Friday, July 15, 2005

North Bay Area Realtors Reluctantly Admit Slowing

It is rare for a real estate agent to actually admit that maybe things in the housing market won't be as rosy as they have recently been. And it's usually laced with understatement and wishful thinking. But here in la-la-land, aka Marin, it's notable:
"'There are three things we have been seeing which make us believe that the market is calming down a bit,' says Perotti from his office in Larkspur's restaurant district. 'The price per square foot for a home is beginning to drop in Marin. As in the rest of the state, we are also seeing an increase in the average number of days a house stays on the market, which indicates the overall market is slowing a bit. The other thing is more of an educated guess, but you have to know that these interest rates will rise in the next year, and that move will take some buyers out of the market.'"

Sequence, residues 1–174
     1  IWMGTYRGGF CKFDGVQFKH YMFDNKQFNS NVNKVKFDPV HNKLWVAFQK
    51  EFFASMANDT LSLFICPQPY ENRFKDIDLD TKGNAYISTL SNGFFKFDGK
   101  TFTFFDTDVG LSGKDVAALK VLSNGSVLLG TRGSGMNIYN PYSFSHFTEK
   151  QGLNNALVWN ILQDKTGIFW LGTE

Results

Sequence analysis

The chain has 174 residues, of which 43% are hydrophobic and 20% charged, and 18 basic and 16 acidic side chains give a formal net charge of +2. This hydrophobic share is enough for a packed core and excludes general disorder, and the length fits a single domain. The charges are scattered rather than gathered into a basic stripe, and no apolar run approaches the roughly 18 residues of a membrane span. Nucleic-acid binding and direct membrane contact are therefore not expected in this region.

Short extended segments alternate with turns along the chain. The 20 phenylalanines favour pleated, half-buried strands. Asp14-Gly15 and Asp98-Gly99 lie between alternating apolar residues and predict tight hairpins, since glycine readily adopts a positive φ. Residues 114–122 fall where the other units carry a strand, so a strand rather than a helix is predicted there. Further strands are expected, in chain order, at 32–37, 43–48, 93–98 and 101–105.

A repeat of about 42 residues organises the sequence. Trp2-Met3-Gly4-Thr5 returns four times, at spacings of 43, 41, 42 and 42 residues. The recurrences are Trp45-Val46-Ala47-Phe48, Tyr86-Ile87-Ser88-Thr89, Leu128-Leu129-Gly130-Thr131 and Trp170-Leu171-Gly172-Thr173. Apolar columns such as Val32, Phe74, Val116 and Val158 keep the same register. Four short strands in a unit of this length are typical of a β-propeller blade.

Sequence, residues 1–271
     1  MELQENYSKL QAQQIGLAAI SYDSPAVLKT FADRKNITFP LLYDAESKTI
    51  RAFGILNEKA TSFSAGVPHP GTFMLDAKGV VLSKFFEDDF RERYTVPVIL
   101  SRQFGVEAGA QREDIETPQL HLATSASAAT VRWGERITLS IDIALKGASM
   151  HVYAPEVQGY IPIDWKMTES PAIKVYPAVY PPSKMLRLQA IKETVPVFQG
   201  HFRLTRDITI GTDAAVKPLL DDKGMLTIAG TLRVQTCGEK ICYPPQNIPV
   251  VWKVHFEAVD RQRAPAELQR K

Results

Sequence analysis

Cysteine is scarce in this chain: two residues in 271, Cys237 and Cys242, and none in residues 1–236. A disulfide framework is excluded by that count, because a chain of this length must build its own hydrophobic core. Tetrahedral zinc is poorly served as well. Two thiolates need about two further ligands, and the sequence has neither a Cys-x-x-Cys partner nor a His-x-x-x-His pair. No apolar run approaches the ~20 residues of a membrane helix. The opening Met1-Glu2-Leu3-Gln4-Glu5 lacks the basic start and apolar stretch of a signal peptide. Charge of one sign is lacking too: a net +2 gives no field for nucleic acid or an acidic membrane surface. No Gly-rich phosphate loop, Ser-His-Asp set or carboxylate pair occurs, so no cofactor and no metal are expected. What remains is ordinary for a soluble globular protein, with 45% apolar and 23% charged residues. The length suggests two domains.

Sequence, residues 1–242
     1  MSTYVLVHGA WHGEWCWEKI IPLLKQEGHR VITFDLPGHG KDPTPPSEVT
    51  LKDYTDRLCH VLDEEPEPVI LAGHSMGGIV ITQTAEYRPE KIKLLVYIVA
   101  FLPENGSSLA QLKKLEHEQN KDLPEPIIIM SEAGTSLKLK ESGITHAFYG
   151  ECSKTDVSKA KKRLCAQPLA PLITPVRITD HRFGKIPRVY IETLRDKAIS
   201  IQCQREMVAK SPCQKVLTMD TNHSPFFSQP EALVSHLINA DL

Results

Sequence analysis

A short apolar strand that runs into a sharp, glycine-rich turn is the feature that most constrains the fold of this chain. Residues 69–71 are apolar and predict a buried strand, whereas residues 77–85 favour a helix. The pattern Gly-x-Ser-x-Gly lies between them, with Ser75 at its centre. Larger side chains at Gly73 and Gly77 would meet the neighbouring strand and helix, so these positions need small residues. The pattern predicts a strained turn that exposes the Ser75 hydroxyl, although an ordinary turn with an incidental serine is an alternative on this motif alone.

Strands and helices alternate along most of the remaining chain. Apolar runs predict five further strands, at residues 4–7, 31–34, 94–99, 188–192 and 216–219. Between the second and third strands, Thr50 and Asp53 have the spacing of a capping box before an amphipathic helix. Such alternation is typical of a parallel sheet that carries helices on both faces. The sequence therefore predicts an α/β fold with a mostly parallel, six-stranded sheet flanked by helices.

"The only segment of the market that has slowed is over $2 million. If it is $550,000 or under, it flies." [Last year, if it was under $900K it flew. So now it's if it's under $550K?! I have personally seen $2 million houses drop 40-50% both this year and last.]
"We are doing a lot of training with our staff right now, getting them ready for 'The Talk."
La-la land for sure:
"We are seeing a different buyer in the market now. They want the low interest rate, the low payment, but they don't really think about what it is going to take to pay it off. They just want into the market and seem to think that it is all going to work out."
Wishful thinking and denial:
"Most everyone agrees that the Fed will not raise interest rates any higher than a point over the next year; they are being very careful," he says. "And even anticipating a raise, there are still plenty of buyers out there who want to get into the market. At this point, I don't think a bubble is a concern."
The first indicator of a local real estate market beginning to bust is a reduction in sales volume. Here's Marin County's for the last year (note: this is a real estate industry backed report, so take it for what it's worth):

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